Terrifying! More than 7,000 underground methane gas bubbles are about to explode in the Arctic!

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  • Explosions in recent years has led to the formation of spectacular new craters
  • Bubbles were created by methane gas being unlocked by warming temperatures
  • There are startlingly more gas-filled domes than previously known
  • When the bubbles explode they release methane gas which is approximately 84 times more potent than carbon dioxide 

Experts believe the ‘bubbles’ will erupt causing more large craters that have been noticed in recent years in Arctic regions of Siberia.

Alexey Titovsky, director of Yamal department for science and innovation, said that the methane gas bubbles are contained within pingos, dome-shaped mounds consisting of a layer of soil over a large core of ice found in permafrost areas.

‘At first such a bump is a bubble,’ he said.

‘With time the bubble explodes, releasing gas. This is how gigantic funnels form.’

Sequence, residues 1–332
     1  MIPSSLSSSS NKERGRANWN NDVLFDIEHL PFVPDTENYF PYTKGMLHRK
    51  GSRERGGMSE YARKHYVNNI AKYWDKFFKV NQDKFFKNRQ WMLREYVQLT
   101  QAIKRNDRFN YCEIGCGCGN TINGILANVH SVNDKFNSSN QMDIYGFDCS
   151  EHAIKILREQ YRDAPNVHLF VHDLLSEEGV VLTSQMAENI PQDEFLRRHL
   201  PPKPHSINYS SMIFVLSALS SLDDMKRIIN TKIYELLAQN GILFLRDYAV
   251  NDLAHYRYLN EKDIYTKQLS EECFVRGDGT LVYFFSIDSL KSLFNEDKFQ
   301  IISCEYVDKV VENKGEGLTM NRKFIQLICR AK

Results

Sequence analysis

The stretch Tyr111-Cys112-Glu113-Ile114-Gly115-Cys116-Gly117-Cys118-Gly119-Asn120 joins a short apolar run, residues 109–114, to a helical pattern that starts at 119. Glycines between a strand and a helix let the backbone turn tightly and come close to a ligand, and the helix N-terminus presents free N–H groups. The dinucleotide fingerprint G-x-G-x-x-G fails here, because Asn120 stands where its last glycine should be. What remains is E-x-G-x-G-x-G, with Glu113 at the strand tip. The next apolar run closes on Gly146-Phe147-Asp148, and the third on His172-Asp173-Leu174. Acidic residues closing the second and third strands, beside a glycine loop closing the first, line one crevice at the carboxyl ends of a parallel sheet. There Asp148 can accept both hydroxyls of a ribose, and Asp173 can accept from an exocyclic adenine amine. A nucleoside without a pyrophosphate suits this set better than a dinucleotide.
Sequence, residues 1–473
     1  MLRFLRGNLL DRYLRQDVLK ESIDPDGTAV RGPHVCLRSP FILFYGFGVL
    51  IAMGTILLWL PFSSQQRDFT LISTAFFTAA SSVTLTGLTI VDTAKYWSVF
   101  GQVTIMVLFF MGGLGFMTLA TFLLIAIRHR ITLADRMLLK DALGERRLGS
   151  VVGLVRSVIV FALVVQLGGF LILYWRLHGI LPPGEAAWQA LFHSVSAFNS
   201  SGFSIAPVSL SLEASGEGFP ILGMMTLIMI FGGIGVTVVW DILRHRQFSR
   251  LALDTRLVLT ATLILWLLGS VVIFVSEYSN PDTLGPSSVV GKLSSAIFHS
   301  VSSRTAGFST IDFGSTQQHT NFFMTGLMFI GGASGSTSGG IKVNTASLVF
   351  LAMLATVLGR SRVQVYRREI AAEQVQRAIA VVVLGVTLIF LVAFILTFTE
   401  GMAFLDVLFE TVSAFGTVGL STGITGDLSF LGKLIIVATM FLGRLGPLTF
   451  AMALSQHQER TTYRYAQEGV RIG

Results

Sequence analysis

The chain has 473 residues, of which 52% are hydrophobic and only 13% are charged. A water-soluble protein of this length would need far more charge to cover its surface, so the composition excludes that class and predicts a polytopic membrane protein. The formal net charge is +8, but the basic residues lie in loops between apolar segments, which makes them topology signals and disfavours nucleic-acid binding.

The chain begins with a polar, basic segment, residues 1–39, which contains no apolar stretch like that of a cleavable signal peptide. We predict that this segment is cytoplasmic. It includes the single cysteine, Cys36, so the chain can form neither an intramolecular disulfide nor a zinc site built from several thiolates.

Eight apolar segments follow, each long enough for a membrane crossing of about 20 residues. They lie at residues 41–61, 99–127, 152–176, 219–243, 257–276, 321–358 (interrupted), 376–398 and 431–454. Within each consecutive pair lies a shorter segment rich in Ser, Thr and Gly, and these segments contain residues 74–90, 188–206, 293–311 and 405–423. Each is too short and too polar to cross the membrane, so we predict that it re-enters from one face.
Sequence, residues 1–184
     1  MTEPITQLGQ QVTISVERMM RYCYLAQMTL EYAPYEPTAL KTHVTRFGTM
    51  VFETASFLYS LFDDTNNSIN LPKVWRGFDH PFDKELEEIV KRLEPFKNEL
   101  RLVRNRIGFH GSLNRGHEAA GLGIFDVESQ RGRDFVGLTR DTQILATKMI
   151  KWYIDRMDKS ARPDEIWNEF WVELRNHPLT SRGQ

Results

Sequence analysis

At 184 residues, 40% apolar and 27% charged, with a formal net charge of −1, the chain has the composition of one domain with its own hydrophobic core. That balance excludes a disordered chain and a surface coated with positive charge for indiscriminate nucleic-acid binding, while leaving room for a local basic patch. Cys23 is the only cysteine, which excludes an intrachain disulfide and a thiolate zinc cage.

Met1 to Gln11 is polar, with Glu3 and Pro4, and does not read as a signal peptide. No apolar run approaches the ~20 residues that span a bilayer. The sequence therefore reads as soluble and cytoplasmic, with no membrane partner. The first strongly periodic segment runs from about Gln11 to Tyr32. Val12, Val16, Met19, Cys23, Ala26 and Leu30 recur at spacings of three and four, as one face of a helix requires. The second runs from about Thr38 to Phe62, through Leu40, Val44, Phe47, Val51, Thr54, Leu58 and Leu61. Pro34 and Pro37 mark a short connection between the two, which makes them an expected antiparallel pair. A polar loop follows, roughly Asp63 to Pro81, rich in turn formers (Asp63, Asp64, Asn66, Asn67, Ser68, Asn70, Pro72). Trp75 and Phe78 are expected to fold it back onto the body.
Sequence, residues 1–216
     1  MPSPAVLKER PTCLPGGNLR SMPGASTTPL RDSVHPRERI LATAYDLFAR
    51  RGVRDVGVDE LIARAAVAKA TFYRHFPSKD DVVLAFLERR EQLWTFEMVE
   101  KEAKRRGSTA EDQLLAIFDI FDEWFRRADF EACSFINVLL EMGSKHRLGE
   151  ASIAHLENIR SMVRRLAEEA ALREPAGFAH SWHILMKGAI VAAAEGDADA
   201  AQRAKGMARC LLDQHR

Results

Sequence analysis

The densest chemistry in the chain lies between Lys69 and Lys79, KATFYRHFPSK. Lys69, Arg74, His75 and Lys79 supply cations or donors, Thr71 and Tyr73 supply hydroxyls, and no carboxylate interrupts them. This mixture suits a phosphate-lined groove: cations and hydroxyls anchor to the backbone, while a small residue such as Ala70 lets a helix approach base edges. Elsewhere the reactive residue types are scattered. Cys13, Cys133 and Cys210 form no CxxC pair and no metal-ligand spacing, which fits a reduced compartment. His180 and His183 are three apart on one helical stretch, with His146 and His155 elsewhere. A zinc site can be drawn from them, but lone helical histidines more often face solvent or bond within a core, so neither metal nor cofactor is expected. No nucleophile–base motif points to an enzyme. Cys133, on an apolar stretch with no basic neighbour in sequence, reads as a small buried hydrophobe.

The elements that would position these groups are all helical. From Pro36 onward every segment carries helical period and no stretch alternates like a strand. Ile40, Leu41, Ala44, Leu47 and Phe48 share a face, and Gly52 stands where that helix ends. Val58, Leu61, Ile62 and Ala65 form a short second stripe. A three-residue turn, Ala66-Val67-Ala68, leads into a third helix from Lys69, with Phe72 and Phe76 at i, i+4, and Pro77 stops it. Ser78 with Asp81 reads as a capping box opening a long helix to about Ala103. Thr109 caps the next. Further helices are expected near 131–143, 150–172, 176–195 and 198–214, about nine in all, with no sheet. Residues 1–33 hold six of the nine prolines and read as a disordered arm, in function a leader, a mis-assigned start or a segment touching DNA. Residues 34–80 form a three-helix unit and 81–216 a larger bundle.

The figure of 7,000 gas-filled mounds is ‘startlingly more than previously known’, reported The Siberian Times

A number of explosions in recent years has led to the formation of spectacular new craters or funnels.

The methane gas bubbles are contained within pingos, dome-shaped mounds consisting of a layer of soil over a large core of ice found in permafrost areas

The methane gas bubbles are contained within pingos, dome-shaped mounds consisting of a layer of soil over a large core of ice found in permafrost areas

WHAT HAPPENS IF THE BUBBLES EXPLODE?

Yamal is Russia’s main area for extracting natural gas, and there are fears that explosions could lead to damage to key energy facilities. 

When the bubbles explode they release methane gas which is approximately 84 times more potent than carbon dioxide.

After they’ve exploded they leave gigantic funnels or craters.

The extent of the harmful greenhouse gases buried in this new phenomenon of jelly-like bubbles poses ‘very serious alarm’ concerning the impact of global warming, experts have warned.  

 

Source: 7,000 underground methane gas bubbles in Russia | Daily Mail Online

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